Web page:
June 29, 2022
When extreme measures to combat the spread of the corona virus were put into place in mid-March 2020 and the economy fell off a cliff, the Federal government implemented a $3.0 trillion fiscal stimulus package to help stem the slide. At the same time the Fed increased the size of its portfolio by $3.0 trillion to $7.0 trillion. It has continued to buy securities every month through the end of March 2022. Of the $3.0 trillion increase in the Fed’s portfolio in March and April 2020 it purchased roughly $1.6 trillion of U.S. government securities, $0.5 trillion of mortgages, and the remaining $0.9 trillion was in a variety of other types of credit including repurchase agreements, loans to money market mutual funds for liquidity, loans to small businesses (paycheck protection program), loans to medium-sized businesses, and loans to state and local governments.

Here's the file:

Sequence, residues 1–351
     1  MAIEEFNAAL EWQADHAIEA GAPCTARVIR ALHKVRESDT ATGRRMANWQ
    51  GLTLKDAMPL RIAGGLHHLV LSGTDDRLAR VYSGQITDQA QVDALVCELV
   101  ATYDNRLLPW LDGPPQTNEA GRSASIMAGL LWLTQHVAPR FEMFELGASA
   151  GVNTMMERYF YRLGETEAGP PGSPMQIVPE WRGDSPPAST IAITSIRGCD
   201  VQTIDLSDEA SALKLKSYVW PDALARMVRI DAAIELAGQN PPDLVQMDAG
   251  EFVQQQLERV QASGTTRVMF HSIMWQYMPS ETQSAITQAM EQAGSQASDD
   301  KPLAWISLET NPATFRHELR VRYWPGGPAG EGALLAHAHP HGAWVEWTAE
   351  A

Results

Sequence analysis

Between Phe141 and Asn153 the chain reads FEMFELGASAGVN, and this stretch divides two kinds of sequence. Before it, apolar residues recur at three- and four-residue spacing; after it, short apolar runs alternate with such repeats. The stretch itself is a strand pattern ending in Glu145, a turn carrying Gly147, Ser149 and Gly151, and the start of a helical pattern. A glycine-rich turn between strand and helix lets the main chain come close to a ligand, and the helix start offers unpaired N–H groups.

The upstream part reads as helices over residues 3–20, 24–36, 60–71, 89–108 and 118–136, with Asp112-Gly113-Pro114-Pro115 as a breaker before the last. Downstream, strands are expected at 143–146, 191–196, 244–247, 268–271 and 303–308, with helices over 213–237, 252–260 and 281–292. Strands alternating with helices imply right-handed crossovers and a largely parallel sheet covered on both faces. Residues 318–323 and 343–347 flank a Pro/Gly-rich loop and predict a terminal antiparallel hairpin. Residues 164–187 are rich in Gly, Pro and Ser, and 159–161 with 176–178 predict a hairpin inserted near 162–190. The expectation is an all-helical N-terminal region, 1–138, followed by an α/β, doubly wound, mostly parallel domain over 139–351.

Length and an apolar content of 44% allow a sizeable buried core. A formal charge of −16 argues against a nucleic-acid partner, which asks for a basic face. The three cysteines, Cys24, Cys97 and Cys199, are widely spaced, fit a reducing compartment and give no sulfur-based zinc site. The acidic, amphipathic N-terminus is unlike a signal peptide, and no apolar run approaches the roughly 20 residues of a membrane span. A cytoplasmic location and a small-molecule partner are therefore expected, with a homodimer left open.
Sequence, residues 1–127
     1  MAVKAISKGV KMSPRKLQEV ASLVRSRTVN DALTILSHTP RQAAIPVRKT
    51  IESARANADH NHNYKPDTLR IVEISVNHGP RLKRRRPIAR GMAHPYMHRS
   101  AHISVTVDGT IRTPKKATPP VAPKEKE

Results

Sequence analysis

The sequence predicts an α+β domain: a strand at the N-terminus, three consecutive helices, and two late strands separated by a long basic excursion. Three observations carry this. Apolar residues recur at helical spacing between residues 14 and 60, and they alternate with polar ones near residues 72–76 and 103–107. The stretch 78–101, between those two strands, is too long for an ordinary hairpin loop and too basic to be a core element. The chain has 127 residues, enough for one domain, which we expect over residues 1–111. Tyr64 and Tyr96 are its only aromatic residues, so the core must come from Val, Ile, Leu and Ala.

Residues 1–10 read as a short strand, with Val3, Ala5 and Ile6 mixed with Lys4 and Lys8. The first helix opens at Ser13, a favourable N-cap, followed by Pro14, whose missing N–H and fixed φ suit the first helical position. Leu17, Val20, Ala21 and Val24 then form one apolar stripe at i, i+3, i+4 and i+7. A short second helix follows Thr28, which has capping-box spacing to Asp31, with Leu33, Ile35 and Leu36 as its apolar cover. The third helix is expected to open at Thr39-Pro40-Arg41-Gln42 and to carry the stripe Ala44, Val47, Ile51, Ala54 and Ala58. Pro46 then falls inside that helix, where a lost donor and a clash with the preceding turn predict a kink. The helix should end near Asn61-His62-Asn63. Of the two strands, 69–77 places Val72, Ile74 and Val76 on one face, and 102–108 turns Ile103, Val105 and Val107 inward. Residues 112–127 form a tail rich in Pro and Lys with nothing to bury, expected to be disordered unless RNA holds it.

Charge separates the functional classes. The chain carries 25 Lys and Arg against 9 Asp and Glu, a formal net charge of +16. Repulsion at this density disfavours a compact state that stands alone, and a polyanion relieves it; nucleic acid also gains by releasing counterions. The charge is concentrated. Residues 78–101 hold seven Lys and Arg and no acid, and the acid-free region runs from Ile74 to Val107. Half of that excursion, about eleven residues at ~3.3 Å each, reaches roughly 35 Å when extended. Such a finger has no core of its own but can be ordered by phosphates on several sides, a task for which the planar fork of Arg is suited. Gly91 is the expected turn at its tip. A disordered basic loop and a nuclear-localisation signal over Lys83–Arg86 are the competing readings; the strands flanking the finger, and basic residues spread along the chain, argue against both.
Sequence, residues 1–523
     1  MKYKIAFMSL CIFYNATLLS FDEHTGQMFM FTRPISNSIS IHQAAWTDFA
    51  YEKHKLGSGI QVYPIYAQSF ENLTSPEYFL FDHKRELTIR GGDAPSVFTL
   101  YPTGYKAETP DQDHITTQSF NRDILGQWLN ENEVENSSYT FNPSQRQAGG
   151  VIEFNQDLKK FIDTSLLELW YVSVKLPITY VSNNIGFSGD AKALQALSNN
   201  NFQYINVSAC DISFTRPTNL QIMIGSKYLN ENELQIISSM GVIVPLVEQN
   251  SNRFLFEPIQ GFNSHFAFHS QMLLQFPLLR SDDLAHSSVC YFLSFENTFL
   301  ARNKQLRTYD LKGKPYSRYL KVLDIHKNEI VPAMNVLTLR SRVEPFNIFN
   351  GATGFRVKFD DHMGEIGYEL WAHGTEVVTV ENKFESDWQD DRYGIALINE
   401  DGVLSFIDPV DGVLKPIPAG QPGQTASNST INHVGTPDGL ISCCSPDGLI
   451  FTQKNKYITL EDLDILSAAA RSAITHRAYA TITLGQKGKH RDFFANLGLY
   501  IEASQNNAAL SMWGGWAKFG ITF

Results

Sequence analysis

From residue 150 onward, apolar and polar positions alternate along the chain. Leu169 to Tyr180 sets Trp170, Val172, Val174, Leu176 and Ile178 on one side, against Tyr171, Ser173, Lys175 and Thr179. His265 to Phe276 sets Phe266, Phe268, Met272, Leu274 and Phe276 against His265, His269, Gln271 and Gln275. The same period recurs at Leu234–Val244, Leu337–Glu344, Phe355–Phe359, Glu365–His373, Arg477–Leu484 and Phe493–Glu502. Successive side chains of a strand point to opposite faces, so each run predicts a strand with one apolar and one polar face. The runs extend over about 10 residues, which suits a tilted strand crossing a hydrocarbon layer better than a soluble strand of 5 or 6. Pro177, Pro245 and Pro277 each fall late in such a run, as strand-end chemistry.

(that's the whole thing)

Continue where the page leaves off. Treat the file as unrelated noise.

The Fed finally phased out its purchases of securities at the end of March 2022. It has now begin a program to shrink its balance sheet by about $100 billion per month. But at that pace its portfolio its portfolio will be far larger than it should be through the end of 2024. That bloated level of Fed assets will make it difficult for the inflation rate to return to the 2.0% mark any time in the foreseeable future. Currently, the composition of the Fed’s portfolio looks like this:
Its holdings of U.S. Treasury securities are 64% of the total, mortgages 30%, and other assets including U.S. agency securities and the paycheck protection program are the remaining 6%.